Until earlier this week, we had been sleeping on a full-size bed that had been in my Granny’s guest room when I was growing up, so we were beyond excited to use some of this month’s savings for a new, king-size mattress set – a first for both of us. The planets seem to have aligned for this purchase. We bought the last mattress at a local store that sells them with slight imperfections for extremely low prices. Kohl’s had their down comforters on sale for half off, and we found two sets of 1100 thread count sheets at Walmart for $19 each that were left over from Black Friday. Add the inexpensive rails we found at Walmart, a new pillow and a bed skirt, we spent a total of $549.52. We counted to three as we peeled the sheets back, climbed into bed together and had the best sleep of our lives.
Another purchase we made with part of this month’s savings was a one night Airbnb stay for $164.26 at one of the cities in Russia in which we will be attending a FIFA World Cup match. We waited until we received our second travel hacking credit card so that we can begin making headway on this new spending limit. This is the first of nine stays that we need to book for the trip, and I will share much more on this after we book the rest of them. Update: Learn more about our trip here.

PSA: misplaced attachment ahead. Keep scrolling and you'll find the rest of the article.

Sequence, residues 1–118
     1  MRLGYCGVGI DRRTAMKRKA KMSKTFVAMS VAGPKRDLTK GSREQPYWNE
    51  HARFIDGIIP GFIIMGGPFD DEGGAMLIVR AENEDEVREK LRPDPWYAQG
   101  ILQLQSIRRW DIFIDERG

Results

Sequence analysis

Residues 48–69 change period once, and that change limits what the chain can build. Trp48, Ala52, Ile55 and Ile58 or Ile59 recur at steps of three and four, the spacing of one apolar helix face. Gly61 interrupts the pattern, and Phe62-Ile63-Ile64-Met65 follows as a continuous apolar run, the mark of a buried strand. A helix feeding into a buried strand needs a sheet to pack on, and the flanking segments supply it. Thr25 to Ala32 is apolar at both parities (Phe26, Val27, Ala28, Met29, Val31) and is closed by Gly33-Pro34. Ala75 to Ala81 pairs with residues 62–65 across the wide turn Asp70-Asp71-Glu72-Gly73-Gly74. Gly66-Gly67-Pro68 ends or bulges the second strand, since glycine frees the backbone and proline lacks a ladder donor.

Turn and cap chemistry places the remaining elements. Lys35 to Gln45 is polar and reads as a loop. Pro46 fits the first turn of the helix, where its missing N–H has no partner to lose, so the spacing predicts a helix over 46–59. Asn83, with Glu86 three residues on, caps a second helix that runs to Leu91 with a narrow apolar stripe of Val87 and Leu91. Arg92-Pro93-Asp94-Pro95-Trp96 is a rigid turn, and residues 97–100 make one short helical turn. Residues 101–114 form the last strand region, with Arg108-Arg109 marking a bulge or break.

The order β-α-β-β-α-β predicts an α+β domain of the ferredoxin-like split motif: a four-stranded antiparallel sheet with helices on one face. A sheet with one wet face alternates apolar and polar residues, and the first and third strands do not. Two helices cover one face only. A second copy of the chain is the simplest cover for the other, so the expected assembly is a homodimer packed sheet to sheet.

Even after these purchases, we added $3,564.84 to our emergency fund, bringing it up to $3,654.96 after the small amount we managed to contribute to it after finishing out our mortgage last month.
Moving forward to March, you can find our updated budget here. We also plan to finish out our emergency fund, book hotels for the rest of our trip and have our contractor finish one of our living rooms.
I can’t wait to share the details with you guys.
If you’re debt free, I would love to hear what you’re focusing on now. Did you do what you expected you would after becoming paying off your debt, or did you find that, like me, your plan needed to shift a little?
Please share my post using the social media icons below to help me reach out to others who may be in the awkward stage after becoming debt free and aren’t sure what comes next.